|Shubham Agarwal :||Then can you elaborate what is the root cause in this environment?|
|Shailesh Ranjan :||In the endeavor to utilize all the work centers to the maximum with minimal change overs, the planner releases a plan (say monthly) with a loading usually more than the current capability. The thinking is that if you load more, it will create pressure and this will lead to better utilization and higher output. However, this is not true. When one loads the plant more, it provides a large choice set of orders to every work center. By large choice set I mean it would be a couple of days load at the WC. As a result every WC “cherry picks” (products that give better productivity) or clubs orders to form bigger batches (due dates of each order could be far apart) in order to minimize set-ups. Moreover, the cherry picking or clubbing considerations are different at each WC.|
|Shubham Agarwal :||But why do they cherry-pick? I am sure it is not just for fun. What is a need that gets fulfilled when WCs cherry-pick?|
|Shailesh Ranjan :||They cherry pick for better productivity. Remember each WC is being measured on productivity/utilization! Each WC would take steps to look good on these performance parameters. But whether this helps the system as a whole, we will see…
As a result, what happens is – if an order had a voice and whenever its being worked upon it would say “I am working”. What do you think the order would say most of time till it is complete?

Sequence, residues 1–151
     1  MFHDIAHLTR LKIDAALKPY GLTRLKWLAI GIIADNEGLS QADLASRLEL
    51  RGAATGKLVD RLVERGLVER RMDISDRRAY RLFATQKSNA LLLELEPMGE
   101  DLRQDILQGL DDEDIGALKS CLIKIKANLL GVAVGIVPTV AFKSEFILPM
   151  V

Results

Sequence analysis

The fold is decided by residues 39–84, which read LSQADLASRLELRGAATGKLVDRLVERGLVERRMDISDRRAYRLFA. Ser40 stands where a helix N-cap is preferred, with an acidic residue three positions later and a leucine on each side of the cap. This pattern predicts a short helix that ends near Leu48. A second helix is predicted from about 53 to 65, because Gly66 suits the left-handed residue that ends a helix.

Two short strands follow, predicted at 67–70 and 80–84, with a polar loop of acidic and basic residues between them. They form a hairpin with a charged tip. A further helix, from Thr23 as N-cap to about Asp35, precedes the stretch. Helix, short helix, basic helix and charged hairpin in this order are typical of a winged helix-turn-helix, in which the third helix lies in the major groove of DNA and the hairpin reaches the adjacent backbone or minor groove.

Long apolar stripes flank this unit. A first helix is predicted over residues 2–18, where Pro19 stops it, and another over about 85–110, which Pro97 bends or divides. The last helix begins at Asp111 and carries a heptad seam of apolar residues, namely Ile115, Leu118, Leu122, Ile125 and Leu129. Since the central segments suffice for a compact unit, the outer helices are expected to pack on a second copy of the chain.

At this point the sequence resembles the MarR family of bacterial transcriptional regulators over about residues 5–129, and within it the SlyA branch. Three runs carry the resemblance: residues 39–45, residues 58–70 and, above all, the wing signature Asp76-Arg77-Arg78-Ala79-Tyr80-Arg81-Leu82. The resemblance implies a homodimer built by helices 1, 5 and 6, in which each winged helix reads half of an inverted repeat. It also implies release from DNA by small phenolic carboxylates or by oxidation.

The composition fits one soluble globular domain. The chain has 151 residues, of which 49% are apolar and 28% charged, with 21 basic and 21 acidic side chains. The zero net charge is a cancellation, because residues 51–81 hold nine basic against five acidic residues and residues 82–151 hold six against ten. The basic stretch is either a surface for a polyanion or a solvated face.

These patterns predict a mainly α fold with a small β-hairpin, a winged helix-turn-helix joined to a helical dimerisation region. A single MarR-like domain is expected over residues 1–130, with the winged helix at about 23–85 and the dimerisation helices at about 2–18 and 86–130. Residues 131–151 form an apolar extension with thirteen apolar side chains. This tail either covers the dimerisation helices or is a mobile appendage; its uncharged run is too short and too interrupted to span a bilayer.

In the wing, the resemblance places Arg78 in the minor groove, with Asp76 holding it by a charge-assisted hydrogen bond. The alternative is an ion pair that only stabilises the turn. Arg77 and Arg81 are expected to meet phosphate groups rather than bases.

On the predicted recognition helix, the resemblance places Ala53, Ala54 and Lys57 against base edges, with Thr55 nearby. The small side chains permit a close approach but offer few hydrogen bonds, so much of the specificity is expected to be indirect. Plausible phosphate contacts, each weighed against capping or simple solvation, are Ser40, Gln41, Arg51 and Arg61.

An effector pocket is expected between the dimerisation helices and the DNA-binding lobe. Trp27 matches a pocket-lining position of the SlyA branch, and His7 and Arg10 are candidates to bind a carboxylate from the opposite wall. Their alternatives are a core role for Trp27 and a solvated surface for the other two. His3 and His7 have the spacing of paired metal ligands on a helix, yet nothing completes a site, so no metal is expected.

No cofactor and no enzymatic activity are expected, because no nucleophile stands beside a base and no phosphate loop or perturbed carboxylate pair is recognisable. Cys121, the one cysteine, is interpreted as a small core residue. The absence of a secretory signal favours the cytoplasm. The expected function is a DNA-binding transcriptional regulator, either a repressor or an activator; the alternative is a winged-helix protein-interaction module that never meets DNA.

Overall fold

|Shubham Agarwal :||Not sure. It would only be worked intermittently. Right?|
|Shailesh Ranjan :||Correct. Most of the time the order would be mum! Meaning it is lying idle, though the machines are not idle because they are working on something else. So, an order waits lot of times at different WCs before it is complete.
Therefore, the practice of loading the plant more, increases the WIP and elongates production lead times. As the month progresses, the pressure of billing and customer follow-up/urgencies forces the plant to focus on order completion. This is the time when different components required for an order or product start coming together, resulting in production skew towards the month-end and poor on time performance.
Due to poor plant reliability and a production skew at month-end, Planner can make the next month’s plan only after month-end, considering back-log and next month orders. So by the time the next month plan is “frozen”, the plant undergoes starvation in the beginning of the month. This starvation along with urgencies (esp towards later part of the month) leads to loss of output and this in turn puts further pressure to load more. The plant is caught in a never-ending vicious loop of poor on time delivery, loss of output, higher order lead times and high inventories.
Even though intuitively the Plant knows that if they load with few orders they would get better on time delivery and lower lead times. But the fear of poor utilization, forces them to load more.
Every plant faces this conflict whether to load the plant with more orders (for better utilization) vis-a-vis loading with fewer order (for faster order completion). Companies try to resolve this conflict by monthly planning, but as explained earlier the lead time expands, lot of production happens towards month-end, on time performance goes for a toss and plant loses capacity. In a nutshell, the conflict remains unresolved. This conflict is at the root.
|Shubham Agarwal :||Hmmm…I understand that the plant people have not been to solve this conflict. But what about academicians. Haven’t they tried to solve this?|
|Shailesh Ranjan :||Well they (including IT folks) tried to solve the conflict by deploying a tool which would take into account precise capacities of each WC, loading the plant according to the capacities defined and could also quickly do corrections in the plan when things go haywire, rather then waiting till the month-end. I am talking about APO.|